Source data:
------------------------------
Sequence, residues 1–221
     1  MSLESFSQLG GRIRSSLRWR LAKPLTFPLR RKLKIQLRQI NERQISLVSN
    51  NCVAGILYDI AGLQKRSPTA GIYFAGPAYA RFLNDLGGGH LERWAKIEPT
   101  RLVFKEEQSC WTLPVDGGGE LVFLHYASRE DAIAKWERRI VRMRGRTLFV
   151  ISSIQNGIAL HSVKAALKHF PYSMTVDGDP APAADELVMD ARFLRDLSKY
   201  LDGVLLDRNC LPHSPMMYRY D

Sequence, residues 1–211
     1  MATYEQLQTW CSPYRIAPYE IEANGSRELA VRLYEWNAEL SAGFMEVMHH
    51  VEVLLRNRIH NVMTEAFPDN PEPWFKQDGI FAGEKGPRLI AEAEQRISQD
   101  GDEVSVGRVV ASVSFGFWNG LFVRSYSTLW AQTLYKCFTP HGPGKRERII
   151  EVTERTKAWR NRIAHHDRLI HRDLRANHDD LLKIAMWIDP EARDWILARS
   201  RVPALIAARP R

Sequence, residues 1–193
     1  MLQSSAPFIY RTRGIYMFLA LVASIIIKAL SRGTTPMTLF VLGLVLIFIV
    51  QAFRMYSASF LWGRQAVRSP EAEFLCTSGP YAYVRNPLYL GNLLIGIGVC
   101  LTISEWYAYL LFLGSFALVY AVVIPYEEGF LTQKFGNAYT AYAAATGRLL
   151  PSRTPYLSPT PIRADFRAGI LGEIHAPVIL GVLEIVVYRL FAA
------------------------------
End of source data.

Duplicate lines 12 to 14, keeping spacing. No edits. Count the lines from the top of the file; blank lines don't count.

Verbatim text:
   201  RVPALIAARP R

Sequence, residues 1–193
     1  MLQSSAPFIY RTRGIYMFLA LVASIIIKAL SRGTTPMTLF VLGLVLIFIV